"Hey First Churchers, Y'all still think you're the only ones going to heaven?" loudly joked rancher Pat Shultz when Greg and Sue Caldwell and others walked through the front door of Grace's Kitchen, late and sweaty because of Bob Bowen's rambling sermon in the church with the broken air conditioner.
Greg winced, and the raucous laughter of the other Methodists sitting at the two tables closest to the doors didn't help. Other members of the First Church tried to ignore the comments and headed for the back two long tables at the rear of the restaurant. Caldwell, owner of the newspaper who had to work with all faiths in town, managed a weak smile. He knew the best way to overcome that stereotype was to throw something back, but he didn't expect it on Sunday morning. He also knew knew that most of the other churches in town believed the same thing, but hadn't preached it.
Last to come in was Brother Bob, his short plump wife Ann, and slim church secretary Joanie "Blondie" Johns, whose traveling salesman husband Ron was out of town again. Most of the members of First church were small business owners or retirees. The Methodists were the town's professional people--bankers, lawyers, big ranchers, doctors, and richer retired folks. They included the mayor, school board and city council members.
The First Churchers had to navigate between smaller tables now occupied by Nazarenes in long dresses and and First Christian members, all of whom were please to have arrived before the First Church crowd, thanks to Bowen's long sermon. They smirk some, already getting their food from Blanche.
"Y'all gonna have a prayer first?" Shultz cackled back. Caldwell snapped back, "We don't need to, but you might consider it," bringing a roar of laughter from the Methodists, cringes from Caldwell's fellow members, and a tug on his arm to sit down from Sue, with a hissed "Shhhhh."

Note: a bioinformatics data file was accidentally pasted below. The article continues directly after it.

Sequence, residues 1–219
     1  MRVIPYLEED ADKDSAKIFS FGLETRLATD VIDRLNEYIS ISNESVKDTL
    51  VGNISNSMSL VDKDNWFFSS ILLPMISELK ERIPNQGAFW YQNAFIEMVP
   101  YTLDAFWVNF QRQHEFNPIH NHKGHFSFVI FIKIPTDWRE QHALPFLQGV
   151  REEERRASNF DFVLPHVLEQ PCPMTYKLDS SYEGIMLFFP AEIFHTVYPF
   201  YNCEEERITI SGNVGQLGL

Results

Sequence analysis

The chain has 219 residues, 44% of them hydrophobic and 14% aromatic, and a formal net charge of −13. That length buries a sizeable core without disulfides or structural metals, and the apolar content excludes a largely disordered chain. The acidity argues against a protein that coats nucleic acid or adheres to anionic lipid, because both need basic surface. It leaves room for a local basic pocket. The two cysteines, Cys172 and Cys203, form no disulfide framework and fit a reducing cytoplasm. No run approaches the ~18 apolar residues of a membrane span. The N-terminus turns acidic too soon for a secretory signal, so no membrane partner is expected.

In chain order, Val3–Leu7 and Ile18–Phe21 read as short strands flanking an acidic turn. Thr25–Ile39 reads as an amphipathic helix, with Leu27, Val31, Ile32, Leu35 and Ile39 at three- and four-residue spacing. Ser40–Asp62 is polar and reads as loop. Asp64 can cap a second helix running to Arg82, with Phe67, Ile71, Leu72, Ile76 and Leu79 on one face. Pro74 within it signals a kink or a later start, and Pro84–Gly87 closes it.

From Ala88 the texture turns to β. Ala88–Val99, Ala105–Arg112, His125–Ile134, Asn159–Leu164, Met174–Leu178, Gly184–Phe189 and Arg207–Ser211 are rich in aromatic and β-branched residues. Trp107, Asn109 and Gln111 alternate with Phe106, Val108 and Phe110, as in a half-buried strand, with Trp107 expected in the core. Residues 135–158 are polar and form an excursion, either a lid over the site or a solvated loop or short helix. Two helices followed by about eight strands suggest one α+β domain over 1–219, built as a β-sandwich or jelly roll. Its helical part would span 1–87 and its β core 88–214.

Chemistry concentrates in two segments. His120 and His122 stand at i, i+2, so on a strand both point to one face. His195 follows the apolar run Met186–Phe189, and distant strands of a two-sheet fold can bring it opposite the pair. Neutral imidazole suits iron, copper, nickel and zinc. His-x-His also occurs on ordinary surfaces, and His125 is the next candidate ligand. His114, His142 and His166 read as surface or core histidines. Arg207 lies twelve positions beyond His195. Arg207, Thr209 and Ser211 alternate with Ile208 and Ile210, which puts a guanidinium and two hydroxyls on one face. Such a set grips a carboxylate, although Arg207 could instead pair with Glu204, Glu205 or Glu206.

The Methodists just had too much fun, Caldwell thought, a fact resented by the First Church and other groups in town. Caldwell thought they just resented the Methodists enjoying and flaunting much social and political prominence in town.
"Being prominent in this town is like being a head latrine orderly," Caldwell had said to Shultz one time, drawing a frown, and then a laugh. Shultz responded, "Don't you drive a Dodge? I'd rather have a sister in a whorehouse than drive a Dodge."
Other First Church members were whispering about rumored wild parties some of the Methodists were having, including drinking and possible wife swapping. Then Blanche came up with a big pitcher of iced tea, and started pouring coffee for Greg, taking orders, "What'll it be?"
They all started to head to the buffet, but Greg ordered the chicken fry and pintos.
"Wait, we need to say grace," said Brother Bob, and the members hesitated.
"Hi, Graces," Greg yelled at the kitchen where Nancy and Bub Grace were cooking. "Now we've said 'Grace,' let's eat." The other members scrambled to the buffet line, the preacher and his wife didn't know what to say, Sue frowned, and the church secretary, Blondie, smiled.